• Published 8th Feb 2021
  • 460 Views, 30 Comments

Healing Shadows (2e) - AzuraKeres

On her scavenge for volt shrooms in the bayou, Meadowbrook comes across a shadow that will alter her future for the good and worst. Follow her tale of love, hope, and despair as tries to build a future with a stallion trapped in the past.

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02: Commoner and King

“Ms. Meadowbrook,” a young mare spoke before the healer. “Do you know about Whitetail Willows?”

Meadowbrook shifted her eyes from a clipboard in her hooves. She was amid jotting notes of her inventory in her apothecary shop. A task she would do at the end of every week before she proceeded in her forage through the bayou.

Her business had overwhelmed her home with lines of residents and travelers, prompting her purchase of a building within the vicinity of Hayseed swamp. Her tasks around the shop became less stressful with the aid of her assistant.

“Whitetail Willow?” Meadowbrook repeated. “You mean the trees with white leaves that droop like tails? What do you want with those, Pye?”

The young yellow mare pulled her tail before her. “Pom wants to dye his tail white. He said he plans to use it as a lure for the Firefly Rank. I told him he could use mane dye, but you know how he feels about corporate products.” Pye emphasized by swiveling her hoof near the side of her head.

“So, you want to make homemade dye for him,” Meadowbrook surmised. “That’s very kind of you.”

It had been more than a year since Meadowbrook took in Pye as her pupil. Before the opening of her apothecary shop, Meadowbrook hoped to find a creature to pass down her knowledge of herbs, passed down from generations of the swamp. To her convenience, Cattail recommended his niece, Pye, to her.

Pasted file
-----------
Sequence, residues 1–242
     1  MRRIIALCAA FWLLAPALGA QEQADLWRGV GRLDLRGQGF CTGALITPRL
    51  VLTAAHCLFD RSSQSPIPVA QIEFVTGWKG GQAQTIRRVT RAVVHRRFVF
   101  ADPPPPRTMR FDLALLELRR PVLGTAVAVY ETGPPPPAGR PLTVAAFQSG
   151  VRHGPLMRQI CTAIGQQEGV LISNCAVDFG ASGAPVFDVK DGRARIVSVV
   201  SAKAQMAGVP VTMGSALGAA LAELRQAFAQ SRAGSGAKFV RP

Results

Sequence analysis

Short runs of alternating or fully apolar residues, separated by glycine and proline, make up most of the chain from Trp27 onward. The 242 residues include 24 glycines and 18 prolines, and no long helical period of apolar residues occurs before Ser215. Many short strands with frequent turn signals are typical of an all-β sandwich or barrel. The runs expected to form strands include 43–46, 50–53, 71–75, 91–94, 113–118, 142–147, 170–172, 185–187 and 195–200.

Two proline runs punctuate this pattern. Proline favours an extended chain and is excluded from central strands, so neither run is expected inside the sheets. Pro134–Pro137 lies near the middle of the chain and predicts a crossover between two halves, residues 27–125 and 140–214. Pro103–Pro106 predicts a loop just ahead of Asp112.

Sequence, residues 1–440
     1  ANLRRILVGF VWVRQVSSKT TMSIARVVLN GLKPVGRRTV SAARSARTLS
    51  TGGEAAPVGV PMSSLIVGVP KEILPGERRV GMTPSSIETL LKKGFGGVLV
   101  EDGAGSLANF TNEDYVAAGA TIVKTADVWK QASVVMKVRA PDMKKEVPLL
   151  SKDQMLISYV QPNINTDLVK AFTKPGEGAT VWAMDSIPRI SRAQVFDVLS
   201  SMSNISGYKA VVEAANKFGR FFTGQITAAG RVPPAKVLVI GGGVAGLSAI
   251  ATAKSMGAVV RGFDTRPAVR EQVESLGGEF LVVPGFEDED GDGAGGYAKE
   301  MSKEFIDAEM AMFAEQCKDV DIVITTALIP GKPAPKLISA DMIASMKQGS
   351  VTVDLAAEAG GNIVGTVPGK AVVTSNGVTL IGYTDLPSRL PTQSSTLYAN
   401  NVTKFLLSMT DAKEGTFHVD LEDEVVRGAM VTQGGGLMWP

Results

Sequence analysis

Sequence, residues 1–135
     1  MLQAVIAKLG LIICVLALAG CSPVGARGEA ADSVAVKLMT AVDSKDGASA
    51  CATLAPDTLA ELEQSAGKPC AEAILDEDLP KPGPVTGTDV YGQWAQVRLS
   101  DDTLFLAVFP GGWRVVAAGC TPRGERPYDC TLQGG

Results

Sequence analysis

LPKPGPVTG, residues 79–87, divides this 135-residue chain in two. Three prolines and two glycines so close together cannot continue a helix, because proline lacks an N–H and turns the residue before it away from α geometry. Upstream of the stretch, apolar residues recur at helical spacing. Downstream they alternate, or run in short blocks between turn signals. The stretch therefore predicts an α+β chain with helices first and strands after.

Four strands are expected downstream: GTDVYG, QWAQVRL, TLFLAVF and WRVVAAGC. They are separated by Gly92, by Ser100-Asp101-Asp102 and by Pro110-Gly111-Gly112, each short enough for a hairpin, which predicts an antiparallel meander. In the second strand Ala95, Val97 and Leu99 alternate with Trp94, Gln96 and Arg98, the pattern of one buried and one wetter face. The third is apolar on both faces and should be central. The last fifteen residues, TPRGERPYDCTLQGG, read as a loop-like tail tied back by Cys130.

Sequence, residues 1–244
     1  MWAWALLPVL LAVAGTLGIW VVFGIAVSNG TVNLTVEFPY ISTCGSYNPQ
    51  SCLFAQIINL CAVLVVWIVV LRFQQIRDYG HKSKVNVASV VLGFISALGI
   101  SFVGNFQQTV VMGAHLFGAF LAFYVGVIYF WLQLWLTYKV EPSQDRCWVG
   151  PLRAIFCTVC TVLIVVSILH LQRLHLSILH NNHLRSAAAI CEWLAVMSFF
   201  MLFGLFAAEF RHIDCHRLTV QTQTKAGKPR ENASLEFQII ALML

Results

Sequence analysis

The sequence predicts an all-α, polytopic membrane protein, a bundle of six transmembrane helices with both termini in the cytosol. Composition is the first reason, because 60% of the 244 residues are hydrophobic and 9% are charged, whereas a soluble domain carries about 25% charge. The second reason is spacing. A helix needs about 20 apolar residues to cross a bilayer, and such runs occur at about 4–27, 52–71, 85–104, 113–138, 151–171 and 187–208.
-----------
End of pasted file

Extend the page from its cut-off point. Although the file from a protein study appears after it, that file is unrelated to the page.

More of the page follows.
She found Pye to have quite the curious mind and persistence. Though she could be a bit impulsive in her actions, Meadowbrook found her moxie and kindness encouraging.

“He kept whining about how he wanted me to persuade you to make it for him,” Pye grumbled, sat, and crossed her forelegs over her pectoral. “Doesn’t he know I’ve been working really hard to become a healer?”

“I’m sure he does, Pye,” Meadowbrook assured her pupil. To emphasize it, she dropped her clipboard on one of many shelves of her brews and hugged her pupil. Pye wagged her tail wildly within her teacher’s warmth.

“Does that mean you’ll help me?” Pye asked.

“Of course,” Meadowbrook confirmed. “But it’ll take some time to make preparations. Willows commonly grow in the Far East of Equestria. I’ll have to ask a friend to collect the leaves for us.”

Pye’s tail halted. A frown plastered on the young mare’s face. “Why can’t we go together? Don’t you think it’d be fun to venture into the east? We could find all sorts of plants and even try out those fancy kimonos.”

“Pye,” Meadowbrook said with an arched eyebrow. “You know, I don’t have time for that right now. There’s no pony else but us to run this shop. Just trust my friend. She’ll get it for us as soon as possible.”

Pye groaned with a pouty face. It nearly tempted Meadowbrook to pinch the young mare’s inflated cheeks. “Fine,” Pye relented.

“You’re so understanding, Sugar.” Meadowbrook then released her hold on Pye and picked her clipboard back up with her hoof. “Now, before I send a request to my friend, I have to go out and forage for some volt toadstools in the bayou. They’ve been going out fast as of late.”

“It’s not that surprising.” Pye hopped beside Meadowbrook as they made their way to the shop’s counter. “I’d think any creature would flock to an energy drink that’s both energizing and healthy.”

Meadowbrook strapped a saddlebag onto her behind the counter and then made her way to the entrance. “Well, it’s certainly added more workload on my plate. I’m going to head out now, so I’ll trust you to close up the shop.”